The MPAA had a cunning plan to erase any record that the site existed by target the Domain Name System (DNS) that directs traffic across the internet.
The tactic was first proposed as part of the Stop Online Piracy Act (SOPA) in 2011, but three years after the law failed in Congress, the MPAA has been looking for legal justification for the practice in existing law and working with ISPs like Comcast to examine how a system might work.
DNS-blocking could be the key to the MPAA's long-standing goal of blocking sites from delivering content to the US. Of course, it would also break the very backbone of the web and drawing the industry into an increasingly nasty fight with Google.
An MPAA memo shows the legal case for blocking infringing sites from the DNS records entirely, like wiping unsavory addresses out of the phone book. You could still type http://www.piratebay.se into your browser, but without a working DNS record, you wouldn't be able to find the site.
A takedown notice could blacklist a site from every available DNS provider, the URL would be effectively erased from the internet.
According to the memo: "A takedown notice program, therefore, could threaten ISPs with potential secondary liability in the event that they do not cease connecting users to known infringing material through their own DNS servers.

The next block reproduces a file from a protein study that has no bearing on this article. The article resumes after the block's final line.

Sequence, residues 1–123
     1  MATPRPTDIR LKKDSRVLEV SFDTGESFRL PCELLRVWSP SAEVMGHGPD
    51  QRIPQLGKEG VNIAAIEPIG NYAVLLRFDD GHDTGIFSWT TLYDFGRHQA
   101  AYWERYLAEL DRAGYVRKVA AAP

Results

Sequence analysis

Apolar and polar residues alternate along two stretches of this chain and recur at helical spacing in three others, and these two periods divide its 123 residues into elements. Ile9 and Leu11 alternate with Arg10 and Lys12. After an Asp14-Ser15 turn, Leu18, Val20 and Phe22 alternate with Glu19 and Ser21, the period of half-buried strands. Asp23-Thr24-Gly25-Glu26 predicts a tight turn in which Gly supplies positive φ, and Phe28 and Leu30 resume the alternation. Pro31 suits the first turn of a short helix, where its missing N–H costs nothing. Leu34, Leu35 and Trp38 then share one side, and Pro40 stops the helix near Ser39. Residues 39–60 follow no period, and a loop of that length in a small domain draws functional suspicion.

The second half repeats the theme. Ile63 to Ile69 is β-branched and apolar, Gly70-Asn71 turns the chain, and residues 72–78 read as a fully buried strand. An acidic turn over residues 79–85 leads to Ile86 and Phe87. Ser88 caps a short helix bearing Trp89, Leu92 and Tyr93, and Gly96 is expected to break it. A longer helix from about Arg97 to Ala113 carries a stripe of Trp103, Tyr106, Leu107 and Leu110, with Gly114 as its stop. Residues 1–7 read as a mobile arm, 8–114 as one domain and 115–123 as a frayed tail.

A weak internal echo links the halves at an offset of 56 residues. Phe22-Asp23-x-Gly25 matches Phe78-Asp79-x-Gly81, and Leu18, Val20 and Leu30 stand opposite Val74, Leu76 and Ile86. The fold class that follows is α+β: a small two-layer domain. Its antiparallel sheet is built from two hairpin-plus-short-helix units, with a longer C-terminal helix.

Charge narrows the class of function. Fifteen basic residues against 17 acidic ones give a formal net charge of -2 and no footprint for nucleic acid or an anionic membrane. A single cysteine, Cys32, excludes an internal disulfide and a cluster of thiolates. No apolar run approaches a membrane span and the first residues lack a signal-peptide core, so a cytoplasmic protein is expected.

"While not making it impossible for users to reach pirate sites it could make it substantially more complicated for casual infringers to reach pirate sites if their ISPs decline to assist in the routing of communications to those sites."
It would make it possible to knock a site offline with just a bogus copyright claim. Determined users would be able to get around the block by typing the IP address directly into their browsers or by configuring their computers to use a DNS server that is not affected by the block.
However, the problem is that the DNS system is already a contentious security issue, sometimes exploited by attackers to hijack websites. MPAA could force users to flee standard DNS servers in search of pirate sites; DNS blocks could also create a kind of DNS black market.
In addition, it would tinker with the fundamental architecture of the web and it is not clear what damage this will do simply because the MPAA has not worked out a good way of dealing with the Internet.